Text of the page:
Welcome to the Arlington Reservoir website.
The Arlington Reservoir (the Res) was built in the 1870's as part of a municipal water supply system, but has served since the 1890's as a recreational area for walking, swimming, fishing and boating. A perimeter path of almost a mile is enjoyed by walkers, joggers ad bird watchers throughout the year.
The total area of the Res and its shoreline is about 65 acres. Although all of the Res and adjacent land is owned by the Town of Arlington, about half of it is located in Lexington. The Res is part of the extensive watershed that connects Arlington's Great Meadows in East Lexington to the Mystic Lakes and Mystic River via Mill Brook.
The Reservoir Committee of the Vision 2020 Environmental Task Group is a group of concerned citizens working to solve the Reservoir's problems. The Committee meets on the third Tuesday of the month in the Arlington Town Hall Annex. Anyone with an interest in the Reservoir is welcome to participate.
>Committee Meetings: Meetings are generally the third Tuesday of the month at 7:30 pm in the Arlington Town Hall Annex first floor. Check this space to make sure. Sometimes we skip a month.
>Work Days: The next work day will be on Saturday, June 22 from 9-noon. We now have a large pile of wood chips for the garden paths and edges so we need to spread them around. Also some fence repair and likely weeding will be needed.
Arlington Reservoir News
Arlington Reservoir Master Plan Project. The Master Plan Project for the Arlington Reservoir, funded by the CPA, is underway, and it's going to be an exciting process! The firm of Weston & Sampson has been hired as the consultants on the project. More information about The Master Plan Project can be viewed on the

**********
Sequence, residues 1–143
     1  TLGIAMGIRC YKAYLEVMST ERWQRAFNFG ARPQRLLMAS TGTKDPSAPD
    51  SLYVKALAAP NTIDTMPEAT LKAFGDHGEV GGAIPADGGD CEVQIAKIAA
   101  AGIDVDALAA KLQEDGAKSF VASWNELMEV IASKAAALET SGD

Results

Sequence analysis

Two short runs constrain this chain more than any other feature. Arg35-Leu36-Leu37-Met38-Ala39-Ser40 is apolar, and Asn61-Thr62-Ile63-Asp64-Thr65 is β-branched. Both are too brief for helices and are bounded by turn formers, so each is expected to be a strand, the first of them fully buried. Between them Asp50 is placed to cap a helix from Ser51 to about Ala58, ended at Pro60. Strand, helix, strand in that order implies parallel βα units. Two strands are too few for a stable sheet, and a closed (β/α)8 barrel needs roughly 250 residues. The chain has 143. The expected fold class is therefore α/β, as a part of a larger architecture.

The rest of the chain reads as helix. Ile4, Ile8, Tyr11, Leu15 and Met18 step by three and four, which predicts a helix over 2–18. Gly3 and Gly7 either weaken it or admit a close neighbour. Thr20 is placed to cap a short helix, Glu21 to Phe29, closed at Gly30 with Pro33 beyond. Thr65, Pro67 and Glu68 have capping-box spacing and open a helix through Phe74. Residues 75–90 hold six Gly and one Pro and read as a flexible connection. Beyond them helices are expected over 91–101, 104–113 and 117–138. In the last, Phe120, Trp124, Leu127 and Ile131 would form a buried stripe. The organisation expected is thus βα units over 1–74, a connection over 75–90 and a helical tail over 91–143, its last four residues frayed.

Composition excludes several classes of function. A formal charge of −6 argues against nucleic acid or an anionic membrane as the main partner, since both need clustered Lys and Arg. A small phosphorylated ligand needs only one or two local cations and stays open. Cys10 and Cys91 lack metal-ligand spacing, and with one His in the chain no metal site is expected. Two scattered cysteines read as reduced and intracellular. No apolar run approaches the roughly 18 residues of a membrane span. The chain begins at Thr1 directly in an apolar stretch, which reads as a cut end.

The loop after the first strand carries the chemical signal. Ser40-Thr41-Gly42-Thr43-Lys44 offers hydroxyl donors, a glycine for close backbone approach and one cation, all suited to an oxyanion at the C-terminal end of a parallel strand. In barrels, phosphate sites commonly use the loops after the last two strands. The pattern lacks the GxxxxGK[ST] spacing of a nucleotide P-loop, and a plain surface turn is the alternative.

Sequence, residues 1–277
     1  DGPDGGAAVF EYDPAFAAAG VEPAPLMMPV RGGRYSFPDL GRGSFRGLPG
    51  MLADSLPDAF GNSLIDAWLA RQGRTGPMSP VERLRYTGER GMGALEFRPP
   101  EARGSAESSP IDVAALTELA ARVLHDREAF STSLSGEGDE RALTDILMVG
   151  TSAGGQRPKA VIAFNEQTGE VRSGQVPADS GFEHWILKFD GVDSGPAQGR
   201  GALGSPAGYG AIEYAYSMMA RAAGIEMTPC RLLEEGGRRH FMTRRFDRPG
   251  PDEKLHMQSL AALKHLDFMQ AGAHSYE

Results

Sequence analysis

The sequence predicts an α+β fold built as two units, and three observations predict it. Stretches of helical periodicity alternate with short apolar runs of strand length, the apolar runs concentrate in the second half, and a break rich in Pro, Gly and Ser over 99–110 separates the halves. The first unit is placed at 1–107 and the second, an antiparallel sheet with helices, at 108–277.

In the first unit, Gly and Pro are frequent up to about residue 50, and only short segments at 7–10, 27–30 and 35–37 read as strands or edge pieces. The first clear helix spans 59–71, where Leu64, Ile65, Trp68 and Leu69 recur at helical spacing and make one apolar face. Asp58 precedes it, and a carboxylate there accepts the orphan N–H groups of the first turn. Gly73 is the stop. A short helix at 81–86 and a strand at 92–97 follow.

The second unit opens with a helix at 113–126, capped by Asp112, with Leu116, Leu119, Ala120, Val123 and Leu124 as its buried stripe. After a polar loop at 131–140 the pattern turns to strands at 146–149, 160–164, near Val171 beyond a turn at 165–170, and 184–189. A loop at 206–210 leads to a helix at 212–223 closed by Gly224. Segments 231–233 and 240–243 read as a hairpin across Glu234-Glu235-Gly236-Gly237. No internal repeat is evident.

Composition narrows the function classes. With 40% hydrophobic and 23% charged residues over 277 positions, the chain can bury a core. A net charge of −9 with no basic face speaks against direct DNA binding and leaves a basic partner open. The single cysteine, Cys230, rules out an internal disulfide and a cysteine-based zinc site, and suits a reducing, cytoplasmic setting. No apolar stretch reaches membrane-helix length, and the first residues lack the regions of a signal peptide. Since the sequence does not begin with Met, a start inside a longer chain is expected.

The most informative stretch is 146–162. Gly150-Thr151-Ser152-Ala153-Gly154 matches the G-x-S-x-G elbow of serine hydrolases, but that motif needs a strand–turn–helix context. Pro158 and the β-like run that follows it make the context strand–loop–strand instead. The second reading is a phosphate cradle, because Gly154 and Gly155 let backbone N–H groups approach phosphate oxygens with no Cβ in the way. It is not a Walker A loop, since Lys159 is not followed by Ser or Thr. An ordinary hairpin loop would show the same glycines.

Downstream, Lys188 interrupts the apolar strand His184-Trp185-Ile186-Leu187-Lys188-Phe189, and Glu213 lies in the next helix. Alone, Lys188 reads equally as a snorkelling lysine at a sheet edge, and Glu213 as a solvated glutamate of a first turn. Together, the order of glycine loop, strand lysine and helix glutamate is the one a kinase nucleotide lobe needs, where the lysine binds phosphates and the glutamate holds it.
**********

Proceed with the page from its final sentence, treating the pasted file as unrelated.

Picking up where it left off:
New Invasive Plant Management Project Next to the Res. An invasive plant management project has been initiated in the Cataldo conservation area next to the Res. (This is along the path that runs from the Res along Mill Brook to Bow Street Lexington and the bikeway.) Holly Samuels is leading this project with the approval of the Lexington Conservation Commission. More information about this project can be found on the East Lexington Community Association .
Wildlife Habitat Garden
The habitat garden is planted with native shrubs, grasses and wildflowers that provide shelter and food for a wide variety of wildlife, including rabbits, turtles, toads, birds, butterflies bees, dragon flies and many other species. The successful wildlife habitat garden must provide food, water, shelter and places to raise young. Native plants provide the foliage, pollen, nectar and seeds that many species need to survive. The garden is located on the main path from the parking lot on both sides of the spillway .
Inspired by an anonymous donation from an Arlington Land Trust member and subsequent contributions from many other ALT members and local residents along with support from the Conservation Commission, the Wildlife Habitat Garden came to life this spring and summer after several years of planning and design work. The garden was started in 2011 and is maintained by the Reservoir Committee, a part of Arlington's Vision 2020. Financial donations to support this work at the Reservoir can be made through the Arlington Land Trust, PO Box 492, Arlington, MA 02476, or through their . Those who wish to volunteer can contact us through the contact form on the .
Two Reservoir Committee Members, Martine Gougault and Lisa Fredman, work on cleaning up the Garden in the early spring. We work in the Garden frequently during the growing season from April to October. Workdays are usually scheduled on the weekends but volunteers can help any time. If you wish to participate, workdays are listed on this page in the section labelled upcoming events or contact us through the contact form on the Contact Page. More pictures taken in the .
A special debt of gratitude is due to the Arlington Department of Public Works Department, whose staff provided critical assistance and support in many ways, initially preparing the site and especially by installing the water pipes and spigots that helped sustain the garden through the dry spells.